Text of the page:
Many Americans are involved in volunteer work in and out of their country. VOA's June Soh reports from Haiti that some American volunteers are trying in a small, yet significant, way to change things for the better in the Caribbean nation that is known as the world's poorest. The story is narrated by Carol Pearson.
It's a market day in the impoverished village of Pignon, located on the North Central Plateau of Haiti. Hundreds of village people come to sell and to buy, especially food. A makeshift lunch stand does a brisk business. Soiled plates are washed quickly in the same water over and over. Nobody seems to care. In this village, with an unemployment rate of over 75 percent, bare foot, hungry children are everywhere.
Houses with holes in the roof are common. Kitchens have dirt floors but little food. There is no electricity.
In the hospital located right behind this house, gallbladder surgery is underway. 67-year-old Amelia, a resident of the village, has suffered excruciating pain in her gallbladder.
The operating room is state-of-the-art and the American physician, Barry Walter, an experienced general surgeon says, "When they asked me to come down, I thought it would be a good chance for me to give something back and share something that I have had. Certainly we have so much more in our lives and careers in the United States that they haven't had in Haiti."
Barry Walter is one of the medical volunteers who have come to Pignon at their own expense from the eastern U.S. state of Virginia. As a first-time visitor to the area, Dr. Walter found a striking contrast between the technology in the operating room and the surrounding environment. "Certainly they have some of the best equipment in the world but it's in the middle of abject poverty. The contrast between the two is something to behold," he said.
Anesthesiologist Ronald Holt has volunteered many times at the Hospital de Bienfaisance in Pignon since 1985. He says, "It's very personal to me because not only was I doing something that I was skilled doing but I met people here that I've known for almost 20 years and have been involved with in personal basis and helping them financially getting to school and medical school."
Thanks to the support of American medical volunteers and non-profit organizations, the new high-tech operating room was added to the second floor of the hospital two years ago. It is the only hospital serving more than 167,000 people in Pignon and the surrounding area. The wards on the first floor are packed with ailing children and adults on soiled bed sheets. So are the corridors, reflecting the overwhelming poverty.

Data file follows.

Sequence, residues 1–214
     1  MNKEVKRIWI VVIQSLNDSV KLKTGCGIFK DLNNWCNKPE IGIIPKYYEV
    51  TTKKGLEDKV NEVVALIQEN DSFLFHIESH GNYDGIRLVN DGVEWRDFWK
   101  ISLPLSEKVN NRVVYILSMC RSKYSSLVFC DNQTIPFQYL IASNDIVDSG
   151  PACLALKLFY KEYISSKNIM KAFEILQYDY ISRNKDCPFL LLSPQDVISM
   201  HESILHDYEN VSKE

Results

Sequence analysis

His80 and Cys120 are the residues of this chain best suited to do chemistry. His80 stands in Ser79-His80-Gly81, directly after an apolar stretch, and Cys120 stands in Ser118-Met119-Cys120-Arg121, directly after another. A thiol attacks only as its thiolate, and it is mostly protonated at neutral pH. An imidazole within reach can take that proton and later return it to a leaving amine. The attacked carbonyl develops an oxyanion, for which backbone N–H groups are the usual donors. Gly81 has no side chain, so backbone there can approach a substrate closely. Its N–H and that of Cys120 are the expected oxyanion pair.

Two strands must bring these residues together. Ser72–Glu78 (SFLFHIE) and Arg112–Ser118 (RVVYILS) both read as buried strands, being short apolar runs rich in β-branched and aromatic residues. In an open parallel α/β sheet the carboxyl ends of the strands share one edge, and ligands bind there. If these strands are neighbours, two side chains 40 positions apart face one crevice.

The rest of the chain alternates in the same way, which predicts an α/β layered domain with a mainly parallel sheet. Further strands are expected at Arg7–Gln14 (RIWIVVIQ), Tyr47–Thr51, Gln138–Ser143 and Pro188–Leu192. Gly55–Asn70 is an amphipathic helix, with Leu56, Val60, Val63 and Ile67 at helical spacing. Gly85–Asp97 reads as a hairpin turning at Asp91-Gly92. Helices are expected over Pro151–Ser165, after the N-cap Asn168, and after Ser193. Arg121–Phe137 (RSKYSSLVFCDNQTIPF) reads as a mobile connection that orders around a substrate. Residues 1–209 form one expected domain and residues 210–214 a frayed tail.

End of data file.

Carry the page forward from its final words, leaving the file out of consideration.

Looking over a patient ,Dr. Joseph White gives him some options for treatment. In a room that looks more like a factory than a clinic, orthopedic surgeon Joseph White says many patients, like 20-year-old Elan, are victims of both injury and poverty. Elan couldn't get timely treatment for a bone infection on his right leg and had no choice but to get it amputated three years ago. Dr. White measures his limb and provides hope. Elan would like Dr. White to get him an artificial leg when he visits next time.
There has been significant improvement in public health in this severely impoverished area. According to 2003 statistics, infant and juvenile mortality in Pignon was less than two percent, compared to 12 percent nationally. Maternal mortality was also far less than the national rate.
Dr. Guy Theodore, a Pignon native, founded the Hospital de Bienfaisance with support from U.S. non-profit organizations in the early 1980s. He attributes the improvement in health to the American volunteers. "They are a real help to the people of Pignon. I've seen progress from the teaching of the Americans to the Haitians, how (they) can do the better farming, how (they) can do better in the hospital. They train doctors and nurses," he said.
Along with the efforts in improving health care, American volunteers are also increasing the level of income -- goat farming projects, developing clean water systems and supporting orphanages.
Dr. Holt says that the work of the volunteers is making a difference. "I think the thing that we are giving them mostly is not just things we are doing for them but the things that we are teaching them to do to get them hope," he says.
After a week or two of intense work, the volunteers return home. But they believe each time they come back their efforts will help put an end to the suffering, sickness, and poverty of the people in this remote Haitian village and will make a difference in their lives.